BioShock 2 : Review

As I sit here looking at my notes and eating my breakfast, I’m reminded that I don’t get to do this often. No, I’m not talking about guzzling down an early morning meal, I’m talking about writing a review for game that has only been released only very recently. It’s a cost cutting exercise, and one which I personally believe is pretty damn sensible. Why pay out £40 for a game which you will be able to buy for £15 in 6 months time? Having said this, BioShock 2 was a very very much appreciated Valentines day gift from my wife. She’s the best, ain’t she?

BioShock 2 places you in the centre of the madness of Rapture yet again, but this time in the place of a Big Daddy. Yes, that’s right folks, those huge brutes that you tiptoed past in the first game? This time, that’s you! Of course this means that as well as having to kill some of your fellow brethren, you are also going to have new enemies to face. The first of these are the brute splicers, whose attacks take on a similar form to those of the Big Daddy. The second is the new, and much anticipated, Big Sister. Though initially these enemies are made out to be tough little urchins, if you’re confident fighting a Big Daddy, you should have no trouble taking on either of these.

Initially I was quite concerned how it would feel, being behind the wheel of a Big Daddy, though you get a glimpse of it in the first game, I wondered how it would transcend into being your regular persona. Would the controls feel lumpy? Would you even be able to run? My fears were slain during the first 10-15 minutes of gameplay, as I realised that 2K had taken a great deal of effort to make you feel agile, but at the same time, freakin massive. Jumping from a chair onto the floor results in a resounding thump and with it, I might add, a fair amount of satisfaction. I was equally pleased at how the ability to fire plasmids, and weaponry had manifested itself in the controls.

The one aspect I did enjoy in the second game, much more than the first, was the encouragement of strategy. Once a little sister has been prised from her Big Daddy, you have a new option to go around and gather adam from corpses strewn across the battlefield. This makes for an interesting spin on the game, for as soon as you place your little darling down to harvest some festering splicer, you are almost immediately attacked by a hoard of live splicers, accompanied by the odd brute splicer, as you progress.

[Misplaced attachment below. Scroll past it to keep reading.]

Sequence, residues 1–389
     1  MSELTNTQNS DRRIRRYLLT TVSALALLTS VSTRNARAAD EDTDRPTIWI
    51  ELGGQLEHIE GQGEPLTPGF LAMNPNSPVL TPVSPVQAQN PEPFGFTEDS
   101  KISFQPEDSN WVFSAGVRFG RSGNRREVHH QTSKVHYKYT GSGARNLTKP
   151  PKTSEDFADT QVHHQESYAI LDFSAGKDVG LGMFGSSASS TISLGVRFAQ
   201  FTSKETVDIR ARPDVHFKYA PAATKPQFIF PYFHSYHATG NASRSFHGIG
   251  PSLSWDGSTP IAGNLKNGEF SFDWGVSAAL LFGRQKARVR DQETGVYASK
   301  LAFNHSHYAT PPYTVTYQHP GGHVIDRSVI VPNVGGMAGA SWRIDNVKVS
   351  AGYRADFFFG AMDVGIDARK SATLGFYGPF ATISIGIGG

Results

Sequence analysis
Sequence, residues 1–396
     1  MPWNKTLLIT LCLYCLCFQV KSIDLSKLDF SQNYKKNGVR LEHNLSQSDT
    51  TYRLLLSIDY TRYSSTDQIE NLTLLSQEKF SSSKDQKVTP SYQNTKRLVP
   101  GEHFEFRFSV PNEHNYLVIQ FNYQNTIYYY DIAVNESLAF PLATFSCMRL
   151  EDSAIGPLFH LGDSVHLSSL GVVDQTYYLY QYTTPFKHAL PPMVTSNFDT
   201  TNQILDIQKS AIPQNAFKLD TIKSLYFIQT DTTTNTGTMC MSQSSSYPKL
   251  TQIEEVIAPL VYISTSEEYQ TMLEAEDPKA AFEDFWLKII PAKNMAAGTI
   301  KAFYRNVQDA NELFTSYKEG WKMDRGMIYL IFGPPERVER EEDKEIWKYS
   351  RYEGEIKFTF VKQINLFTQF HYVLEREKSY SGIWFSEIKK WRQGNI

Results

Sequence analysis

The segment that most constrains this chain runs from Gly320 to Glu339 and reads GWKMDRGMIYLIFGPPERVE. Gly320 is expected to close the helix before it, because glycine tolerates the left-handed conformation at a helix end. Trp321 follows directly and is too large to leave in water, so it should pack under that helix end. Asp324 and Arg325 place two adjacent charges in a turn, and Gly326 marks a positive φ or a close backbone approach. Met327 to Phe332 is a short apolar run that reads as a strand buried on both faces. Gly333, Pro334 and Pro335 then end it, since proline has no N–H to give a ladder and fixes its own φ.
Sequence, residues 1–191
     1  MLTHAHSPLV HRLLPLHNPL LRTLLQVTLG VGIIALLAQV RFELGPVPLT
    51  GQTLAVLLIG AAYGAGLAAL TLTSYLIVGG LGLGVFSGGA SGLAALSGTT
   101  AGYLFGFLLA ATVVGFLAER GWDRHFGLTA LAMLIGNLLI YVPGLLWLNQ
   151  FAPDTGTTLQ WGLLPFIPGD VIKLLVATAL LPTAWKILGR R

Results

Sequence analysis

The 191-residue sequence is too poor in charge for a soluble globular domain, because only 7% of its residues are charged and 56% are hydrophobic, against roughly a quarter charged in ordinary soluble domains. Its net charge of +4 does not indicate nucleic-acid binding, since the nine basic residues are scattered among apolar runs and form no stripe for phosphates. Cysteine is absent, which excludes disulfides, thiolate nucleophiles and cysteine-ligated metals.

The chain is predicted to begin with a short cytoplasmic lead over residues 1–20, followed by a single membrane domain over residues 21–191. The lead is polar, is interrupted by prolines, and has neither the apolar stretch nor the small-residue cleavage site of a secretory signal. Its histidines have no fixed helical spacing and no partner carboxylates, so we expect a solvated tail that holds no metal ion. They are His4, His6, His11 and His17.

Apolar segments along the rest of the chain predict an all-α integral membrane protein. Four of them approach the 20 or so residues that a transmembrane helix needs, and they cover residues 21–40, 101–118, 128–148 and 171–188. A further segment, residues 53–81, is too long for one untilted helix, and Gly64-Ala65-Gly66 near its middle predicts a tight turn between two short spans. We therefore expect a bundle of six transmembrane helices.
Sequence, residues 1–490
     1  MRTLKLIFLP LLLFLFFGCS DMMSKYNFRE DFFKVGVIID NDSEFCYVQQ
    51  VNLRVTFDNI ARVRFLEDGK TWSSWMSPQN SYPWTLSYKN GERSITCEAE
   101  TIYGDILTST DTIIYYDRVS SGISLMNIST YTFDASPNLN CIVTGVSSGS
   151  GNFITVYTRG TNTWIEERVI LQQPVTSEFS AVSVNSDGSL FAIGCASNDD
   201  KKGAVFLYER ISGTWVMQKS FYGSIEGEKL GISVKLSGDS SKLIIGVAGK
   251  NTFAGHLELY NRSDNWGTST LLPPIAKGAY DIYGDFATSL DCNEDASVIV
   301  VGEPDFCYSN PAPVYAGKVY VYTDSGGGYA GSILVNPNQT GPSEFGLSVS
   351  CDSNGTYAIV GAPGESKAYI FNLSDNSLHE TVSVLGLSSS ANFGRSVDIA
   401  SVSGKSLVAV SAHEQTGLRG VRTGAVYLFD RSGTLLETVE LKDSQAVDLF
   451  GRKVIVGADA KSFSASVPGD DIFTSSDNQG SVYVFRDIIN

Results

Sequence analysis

Armed with trap rivets, proximity mines, electric cables and mini turrets, it’s quite fun to plan the harvest, using your environment to it’s advantage. Of course, if the corpse happens to lie in the sight of a bad-hacked-good security turret, who are you to argue with a little extra help on tap. In point of fact these little skirmishes were probably my favourite part of the game.

It seems 2K have really listened to the gamers whilst creating this gem of a sequel, though the game feel considerably shorter, my wife and I found ourselves often exclaiming, “Oh, they’ve fixed that, that’s good” Unfortunately one aspect which I sorely miss from the original, was the singing vending machines, one in particular which used to shout at you in Mexican as you finished making your purchase.

Though the number of improvements are numerous, I couldn’t help but feel there were one or two points in the game which lacked a certain finer detail. My first was the occasional glimpse of highly pixelated views, often through water, which jarred me from my gaming mindset quite badly. The second was, during a particularly heavy firefight, a definite stuttering of sound, as explosions raged and bullets flew.

The game brings a whole new aspect to the city of Rapture this time, with the addition of the multiplayer content. Alas though, at the time of writing this review, a) I am waiting on a train to arrive, and b) have not had a chance to play any multiplayer rounds yet, though the Little Sister CTF missions do sound quite fun.

In conclusion, the game definitely deserves it’s 18 certificate, the violence is very bloody at times, as can be expected when drilling through someone with what looks like a cross between a traffic cone and an electric drill. The story is once again beautifully told, in an environment that reeks of former beauty and completeness. If you enjoyed the first game, you should be pleased with the sequel, though personally I would question whether spending the full amount is going to satisfy you, if you don’t intent to play multiplayer.

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